Judge Luke K. Burns Jr.

Judge Luke K. Burns Jr. in 2004. (AMY DAVIS / November 7, 2013)

Retired Carroll County Circuit Judge Luke K. Burns Jr., who during his years on the bench developed a reputation for being even-keeled and fair-minded to all sides and had the distinction of presiding over the longest murder trial in the history of Maryland, died Sunday of renal failure at Carroll Hospital Center.

The longtime Westminster resident was 79.

"Judge Burns was a very personable individual who was completely free of any haughtiness or phoniness. He was both a very genuine person and judge," said Thomas E. Hickman, who served as Carroll County state's attorney from 1974 to 1995 and is now in private practice.

"He was an incredibly fair man, and that came through in every trial," recalled Mr. Hickman.

Luke Kenny Burns Jr., the son of Luke Kenny Burns Sr., chief fuel agent for the Baltimore & Ohio Railroad, and Mary Jane Reed Burns, a registered nurse, was born in Baltimore and raised on Augusta Avenue in Irvington.

After graduating in 1951 from Loyola High School, he planned to study for the priesthood and entered the seminary program in 1953 at Fordham University, where he earned a bachelor's degree in 1957.

After graduating from college, he attended several seminaries and withdrew when he was 26 to pursue a career in law. In 1964, he earned his law degree from the University of Baltimore and was admitted to the Maryland Bar.

He began practicing law in Baltimore, and in 1972 moved to Westminster, when he joined Stanford Hoff and Charles E. Stoner, a law school friend, in their practice.

In 1978, when a second District Court judgeship was created in Carroll County, he was appointed to the post.

A year later, Gov. Harry R. Hughes appointed Judge Burns to the Circuit Court for Carroll County.

"I think my main concern in the past year has been to try and treat everyone equally, courteously and show respect for them. I think that's important," Judge Burns told The Baltimore Sun in 1979, when he joined the Circuit Court.

"A great soft-spoken man, Judge Burns is often described by attorneys working with him as a 'judge with a touch of humanity,' " The Sun reported at the time of his Circuit Court appointment.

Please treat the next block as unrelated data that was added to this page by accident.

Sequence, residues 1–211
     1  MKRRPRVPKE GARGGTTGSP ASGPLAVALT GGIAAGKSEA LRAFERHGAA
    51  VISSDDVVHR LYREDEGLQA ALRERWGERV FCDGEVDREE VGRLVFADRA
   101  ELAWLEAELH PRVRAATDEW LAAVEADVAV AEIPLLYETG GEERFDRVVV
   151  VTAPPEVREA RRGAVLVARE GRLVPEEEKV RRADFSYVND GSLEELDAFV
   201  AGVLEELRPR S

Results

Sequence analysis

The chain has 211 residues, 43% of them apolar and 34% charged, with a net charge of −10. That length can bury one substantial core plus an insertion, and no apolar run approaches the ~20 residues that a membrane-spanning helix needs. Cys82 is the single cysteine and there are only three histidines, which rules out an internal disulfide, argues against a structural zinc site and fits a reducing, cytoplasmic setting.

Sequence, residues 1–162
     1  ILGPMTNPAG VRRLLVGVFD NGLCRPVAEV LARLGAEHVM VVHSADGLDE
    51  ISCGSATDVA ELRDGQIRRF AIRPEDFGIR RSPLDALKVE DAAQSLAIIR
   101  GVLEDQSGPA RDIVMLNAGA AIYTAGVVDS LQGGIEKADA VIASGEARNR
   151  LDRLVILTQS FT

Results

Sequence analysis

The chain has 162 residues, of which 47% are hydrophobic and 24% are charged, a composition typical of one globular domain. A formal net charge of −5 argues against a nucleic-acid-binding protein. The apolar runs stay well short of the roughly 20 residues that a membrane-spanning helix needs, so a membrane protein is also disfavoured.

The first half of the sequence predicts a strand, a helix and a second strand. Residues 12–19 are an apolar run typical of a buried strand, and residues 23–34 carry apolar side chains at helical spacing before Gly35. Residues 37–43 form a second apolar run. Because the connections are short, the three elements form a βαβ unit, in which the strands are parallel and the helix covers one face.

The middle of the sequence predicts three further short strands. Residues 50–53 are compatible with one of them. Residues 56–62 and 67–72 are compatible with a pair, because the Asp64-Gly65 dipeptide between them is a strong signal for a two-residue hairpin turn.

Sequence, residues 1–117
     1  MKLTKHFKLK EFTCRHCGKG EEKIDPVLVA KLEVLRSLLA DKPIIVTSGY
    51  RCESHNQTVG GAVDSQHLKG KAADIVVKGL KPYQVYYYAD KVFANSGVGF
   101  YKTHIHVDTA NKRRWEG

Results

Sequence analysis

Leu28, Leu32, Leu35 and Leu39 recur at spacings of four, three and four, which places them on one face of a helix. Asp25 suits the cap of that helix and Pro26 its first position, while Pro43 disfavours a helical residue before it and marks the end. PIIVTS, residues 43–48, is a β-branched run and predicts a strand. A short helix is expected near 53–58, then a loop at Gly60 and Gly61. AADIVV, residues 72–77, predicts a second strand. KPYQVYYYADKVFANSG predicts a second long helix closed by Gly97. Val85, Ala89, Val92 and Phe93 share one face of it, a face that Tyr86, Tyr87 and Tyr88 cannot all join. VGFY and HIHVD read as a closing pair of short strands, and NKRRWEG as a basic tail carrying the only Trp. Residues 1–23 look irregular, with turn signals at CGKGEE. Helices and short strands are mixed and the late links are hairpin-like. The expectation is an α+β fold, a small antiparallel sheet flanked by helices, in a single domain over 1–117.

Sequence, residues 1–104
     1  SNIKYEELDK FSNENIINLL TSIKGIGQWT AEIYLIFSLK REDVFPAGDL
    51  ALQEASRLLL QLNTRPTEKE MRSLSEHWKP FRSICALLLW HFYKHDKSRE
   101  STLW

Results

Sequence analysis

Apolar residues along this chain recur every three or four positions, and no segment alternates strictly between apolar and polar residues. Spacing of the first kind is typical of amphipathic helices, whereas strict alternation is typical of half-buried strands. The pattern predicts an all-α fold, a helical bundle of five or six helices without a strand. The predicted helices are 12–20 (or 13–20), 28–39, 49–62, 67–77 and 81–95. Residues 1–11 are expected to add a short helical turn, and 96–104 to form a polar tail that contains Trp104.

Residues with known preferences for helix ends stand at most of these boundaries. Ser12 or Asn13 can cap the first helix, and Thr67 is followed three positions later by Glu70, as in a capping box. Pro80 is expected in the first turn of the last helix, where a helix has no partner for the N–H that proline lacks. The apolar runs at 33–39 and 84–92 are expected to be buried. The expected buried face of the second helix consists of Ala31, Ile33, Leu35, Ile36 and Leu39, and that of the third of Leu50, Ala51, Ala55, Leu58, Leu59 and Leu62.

Judge Burns threw himself into his work, often working 72-hour weeks.

"Luke really was a kind and compassionate person," said Carroll County District Judge JoAnn M. Ellinghaus-Jones, who began clerking for Judge Burns in 1981.

"When I was clerking for him, we had a big snowstorm and he drove his Cadillac through the blizzard to get me so I wouldn't be alone," said Judge Ellinghaus-Jones. "And later on when I got married and had kids, my children did not have grandparents, and he'd go to school with them on Grandparents Day. He was such a sweet man, which came naturally to him."

One of Judge Burns' more vivid and memorable cases was a murder-for-hire case in 1982, which resulted in Judge Burns giving the defendant, Robert L. Myers, a life sentence.

"He presided over what was and still is the longest murder trial in the history of Maryland. It went on for 72 days," recalled Mr. Hickman, who prosecuted Myers.

"He agonized over difficult cases, especially sexual and child abuse cases. His mind couldn't accept how people could do that to each other," said Judge Ellinghaus-Jones.

"I've tried to be eminently fair in any case — the little ones all the way up to the big ones — and I hope I have been," Judge Burns told The Sun in 2004, when he had reached the mandatory retirement age of 70. "I certainly know I can't please everybody. That's totally impossible. But I certainly have given my all in trying to get things right.

"You cannot show favoritism. You have to restrain your emotions to give a fair trial, even when sometimes you're on the verge of tears," he said.